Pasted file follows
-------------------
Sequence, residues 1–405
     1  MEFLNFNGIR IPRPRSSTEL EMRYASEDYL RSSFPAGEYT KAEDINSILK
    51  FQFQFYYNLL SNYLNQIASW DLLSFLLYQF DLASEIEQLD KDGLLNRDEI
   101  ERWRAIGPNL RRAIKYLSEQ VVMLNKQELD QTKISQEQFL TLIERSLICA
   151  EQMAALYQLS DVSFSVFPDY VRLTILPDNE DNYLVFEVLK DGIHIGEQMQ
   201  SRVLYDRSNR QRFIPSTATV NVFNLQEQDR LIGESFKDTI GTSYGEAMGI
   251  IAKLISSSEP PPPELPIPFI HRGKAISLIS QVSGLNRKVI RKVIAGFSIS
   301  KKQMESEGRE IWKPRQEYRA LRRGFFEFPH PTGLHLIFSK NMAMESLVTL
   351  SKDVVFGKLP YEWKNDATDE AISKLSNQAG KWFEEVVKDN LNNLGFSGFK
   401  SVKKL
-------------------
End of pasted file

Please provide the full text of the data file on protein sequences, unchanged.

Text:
Sequence, residues 1–405
     1  MEFLNFNGIR IPRPRSSTEL EMRYASEDYL RSSFPAGEYT KAEDINSILK
    51  FQFQFYYNLL SNYLNQIASW DLLSFLLYQF DLASEIEQLD KDGLLNRDEI
   101  ERWRAIGPNL RRAIKYLSEQ VVMLNKQELD QTKISQEQFL TLIERSLICA
   151  EQMAALYQLS DVSFSVFPDY VRLTILPDNE DNYLVFEVLK DGIHIGEQMQ
   201  SRVLYDRSNR QRFIPSTATV NVFNLQEQDR LIGESFKDTI GTSYGEAMGI
   251  IAKLISSSEP PPPELPIPFI HRGKAISLIS QVSGLNRKVI RKVIAGFSIS
   301  KKQMESEGRE IWKPRQEYRA LRRGFFEFPH PTGLHLIFSK NMAMESLVTL
   351  SKDVVFGKLP YEWKNDATDE AISKLSNQAG KWFEEVVKDN LNNLGFSGFK
   401  SVKKL